Volume 12 Supplement 9

Proceedings of the Ninth Annual Research in Computational Molecular Biology (RECOMB) Satellite Workshop on Comparative Genomics

Open Access

Evolution of orthologous tandemly arrayed gene clusters

BMC Bioinformatics201112(Suppl 9):S2

DOI: 10.1186/1471-2105-12-S9-S2

Published: 5 October 2011



Tandemly Arrayed Gene (TAG) clusters are groups of paralogous genes that are found adjacent on a chromosome. TAGs represent an important repertoire of genes in eukaryotes. In addition to tandem duplication events, TAG clusters are affected during their evolution by other mechanisms, such as inversion and deletion events, that affect the order and orientation of genes. The DILTAG algorithm developed in [1] makes it possible to infer a set of optimal evolutionary histories explaining the evolution of a single TAG cluster, from an ancestral single gene, through tandem duplications (simple or multiple, direct or inverted), deletions and inversion events.


We present a general methodology, which is an extension of DILTAG, for the study of the evolutionary history of a set of orthologous TAG clusters in multiple species. In addition to the speciation events reflected by the phylogenetic tree of the considered species, the evolutionary events that are taken into account are simple or multiple tandem duplications, direct or inverted, simple or multiple deletions, and inversions. We analysed the performance of our algorithm on simulated data sets and we applied it to the protocadherin gene clusters of human, chimpanzee, mouse and rat.


Our results obtained on simulated data sets showed a good performance in inferring the total number and size distribution of duplication events. A limitation of the algorithm is however in dealing with multiple gene deletions, as the algorithm is highly exponential in this case, and becomes quickly intractable.


Gene duplication is a fundamental process in the evolution of species [2], especially in eukaryotes [38], where it is believed to play a leading role for the creation of novel gene functions. Several mechanisms are at the origin of gene duplications, among them tandem repeat through unequal crossing-over during recombination. As this phenomenon is facilitated by the presence of repetitive sequences, a single duplication can induce a chain reaction leading to further duplications, eventually creating large Tandemly Arrayed Gene (TAG) clusters: groups of paralogous genes that are adjacent on a chromosome. TAGs account for about one-third of the duplicated genes in eukaryotes [9]. In human, they represent about 15% of all genes [10]. In Arabidopsis, 17% of the total predicted genes are members of TAG clusters [11], and in maize, about 35% of the genes were predicted to belong to TAG clusters [12].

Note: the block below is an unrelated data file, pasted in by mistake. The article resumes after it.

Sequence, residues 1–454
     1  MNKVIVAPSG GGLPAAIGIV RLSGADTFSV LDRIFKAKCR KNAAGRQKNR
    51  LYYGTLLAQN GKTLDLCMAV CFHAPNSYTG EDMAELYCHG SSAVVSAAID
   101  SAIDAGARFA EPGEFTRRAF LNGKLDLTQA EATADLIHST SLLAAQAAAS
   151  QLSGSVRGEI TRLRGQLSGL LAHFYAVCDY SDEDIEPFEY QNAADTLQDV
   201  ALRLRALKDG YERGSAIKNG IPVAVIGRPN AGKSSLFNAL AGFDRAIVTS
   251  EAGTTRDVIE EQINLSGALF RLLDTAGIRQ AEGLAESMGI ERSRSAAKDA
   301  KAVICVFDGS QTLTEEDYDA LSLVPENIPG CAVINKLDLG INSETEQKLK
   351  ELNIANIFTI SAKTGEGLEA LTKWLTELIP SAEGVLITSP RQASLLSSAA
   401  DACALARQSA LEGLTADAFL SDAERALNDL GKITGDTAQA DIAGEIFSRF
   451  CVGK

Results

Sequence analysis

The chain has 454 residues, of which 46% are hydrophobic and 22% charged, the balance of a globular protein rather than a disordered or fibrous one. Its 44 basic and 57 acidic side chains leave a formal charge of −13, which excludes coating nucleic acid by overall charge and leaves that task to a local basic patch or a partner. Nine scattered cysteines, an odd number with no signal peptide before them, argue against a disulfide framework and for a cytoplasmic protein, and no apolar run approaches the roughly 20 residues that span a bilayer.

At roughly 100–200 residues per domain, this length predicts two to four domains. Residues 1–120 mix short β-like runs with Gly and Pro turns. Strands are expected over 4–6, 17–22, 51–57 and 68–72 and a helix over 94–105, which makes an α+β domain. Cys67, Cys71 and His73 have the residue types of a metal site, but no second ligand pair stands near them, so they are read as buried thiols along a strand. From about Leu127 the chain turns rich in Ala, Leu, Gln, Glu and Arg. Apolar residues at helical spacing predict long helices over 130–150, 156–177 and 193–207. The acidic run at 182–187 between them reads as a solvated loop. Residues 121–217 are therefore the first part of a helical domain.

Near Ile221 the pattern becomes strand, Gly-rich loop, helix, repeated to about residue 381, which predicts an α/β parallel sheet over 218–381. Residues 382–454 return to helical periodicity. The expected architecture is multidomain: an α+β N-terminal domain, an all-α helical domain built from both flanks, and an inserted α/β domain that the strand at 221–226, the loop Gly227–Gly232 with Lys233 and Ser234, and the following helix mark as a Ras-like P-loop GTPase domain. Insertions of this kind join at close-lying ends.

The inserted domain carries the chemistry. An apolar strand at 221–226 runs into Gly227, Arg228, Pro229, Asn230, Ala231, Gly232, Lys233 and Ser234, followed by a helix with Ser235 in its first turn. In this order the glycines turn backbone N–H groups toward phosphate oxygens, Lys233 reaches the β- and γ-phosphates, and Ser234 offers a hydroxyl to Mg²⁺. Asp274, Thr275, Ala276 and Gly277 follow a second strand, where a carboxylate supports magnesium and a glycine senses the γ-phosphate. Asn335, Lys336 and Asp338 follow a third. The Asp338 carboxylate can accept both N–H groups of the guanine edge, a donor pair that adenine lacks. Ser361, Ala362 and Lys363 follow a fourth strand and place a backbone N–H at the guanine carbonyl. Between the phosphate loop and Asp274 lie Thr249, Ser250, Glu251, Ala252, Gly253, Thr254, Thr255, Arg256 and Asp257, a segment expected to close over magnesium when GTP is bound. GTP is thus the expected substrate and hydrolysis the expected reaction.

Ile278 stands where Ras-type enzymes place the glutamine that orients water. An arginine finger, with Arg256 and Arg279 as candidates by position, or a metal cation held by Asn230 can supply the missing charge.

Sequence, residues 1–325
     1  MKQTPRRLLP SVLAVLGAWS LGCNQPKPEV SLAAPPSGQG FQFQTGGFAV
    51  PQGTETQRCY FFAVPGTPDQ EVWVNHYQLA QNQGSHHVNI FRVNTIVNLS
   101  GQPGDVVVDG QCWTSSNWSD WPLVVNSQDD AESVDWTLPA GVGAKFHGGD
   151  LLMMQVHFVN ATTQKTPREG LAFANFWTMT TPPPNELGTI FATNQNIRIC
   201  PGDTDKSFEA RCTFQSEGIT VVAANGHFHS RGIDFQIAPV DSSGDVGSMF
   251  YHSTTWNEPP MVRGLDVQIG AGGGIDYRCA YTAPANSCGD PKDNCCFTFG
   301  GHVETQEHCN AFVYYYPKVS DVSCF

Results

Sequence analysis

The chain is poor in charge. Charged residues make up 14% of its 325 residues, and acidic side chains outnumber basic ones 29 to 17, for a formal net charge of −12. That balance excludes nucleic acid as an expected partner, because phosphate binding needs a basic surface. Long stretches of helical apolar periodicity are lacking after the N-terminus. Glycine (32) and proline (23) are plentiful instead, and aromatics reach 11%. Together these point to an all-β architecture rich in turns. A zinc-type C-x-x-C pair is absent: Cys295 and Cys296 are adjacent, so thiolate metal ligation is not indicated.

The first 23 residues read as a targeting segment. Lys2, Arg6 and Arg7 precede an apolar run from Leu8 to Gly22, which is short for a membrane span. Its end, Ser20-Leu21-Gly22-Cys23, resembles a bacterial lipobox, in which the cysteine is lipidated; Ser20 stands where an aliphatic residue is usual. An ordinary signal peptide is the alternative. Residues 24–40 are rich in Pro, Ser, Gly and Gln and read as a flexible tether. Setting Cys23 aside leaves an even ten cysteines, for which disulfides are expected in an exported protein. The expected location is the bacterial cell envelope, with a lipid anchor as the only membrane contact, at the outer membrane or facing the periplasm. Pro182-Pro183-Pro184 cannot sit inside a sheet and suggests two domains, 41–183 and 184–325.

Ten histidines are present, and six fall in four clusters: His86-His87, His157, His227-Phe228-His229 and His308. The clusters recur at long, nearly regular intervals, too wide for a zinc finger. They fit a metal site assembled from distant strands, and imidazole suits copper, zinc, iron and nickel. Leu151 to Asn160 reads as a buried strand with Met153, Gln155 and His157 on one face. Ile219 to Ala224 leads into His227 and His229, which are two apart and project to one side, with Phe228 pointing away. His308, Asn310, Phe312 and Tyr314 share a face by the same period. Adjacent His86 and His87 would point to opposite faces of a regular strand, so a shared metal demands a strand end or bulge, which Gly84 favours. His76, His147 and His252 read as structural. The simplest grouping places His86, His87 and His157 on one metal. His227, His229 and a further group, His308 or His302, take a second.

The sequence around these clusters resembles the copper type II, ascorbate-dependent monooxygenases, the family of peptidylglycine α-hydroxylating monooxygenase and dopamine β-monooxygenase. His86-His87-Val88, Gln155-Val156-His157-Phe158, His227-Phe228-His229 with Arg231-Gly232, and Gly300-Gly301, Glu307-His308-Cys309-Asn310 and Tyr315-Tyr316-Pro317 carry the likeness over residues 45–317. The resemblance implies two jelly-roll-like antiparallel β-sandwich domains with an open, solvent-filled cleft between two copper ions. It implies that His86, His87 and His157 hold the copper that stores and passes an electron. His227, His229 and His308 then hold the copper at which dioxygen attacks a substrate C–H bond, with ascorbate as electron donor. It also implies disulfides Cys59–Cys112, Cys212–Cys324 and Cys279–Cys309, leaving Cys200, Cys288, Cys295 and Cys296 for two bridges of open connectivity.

Deciphering the evolutionary history of a TAG cluster is important to provide new insights into the mechanisms of gene amplification, and to answer several questions regarding the nature and size of duplication and other evolutionary events that have shaped TAG clusters. In most biology-oriented studies, a gene tree is obtained by applying a classical phylogenetic method to an alignment of the amino acid sequences corresponding to the collected gene sequences, and a duplication scenario is proposed for the gene family, based on a careful analysis of this gene tree (see for example [9] for the study of the 22-kDA prolamin gene amplification in grass genomes). Although such manual analysis may be useful to propose amplification scenarios for families of limited size and simple organization, it is usually impractical to infer more general evolutionary scenarios for large TAG clusters affected, in addition to duplications, by other events such as segmental deletion, that may lead to gene loss, and rearrangements (such as inversions or inverted duplications), that may affect gene order and transcriptional orientations.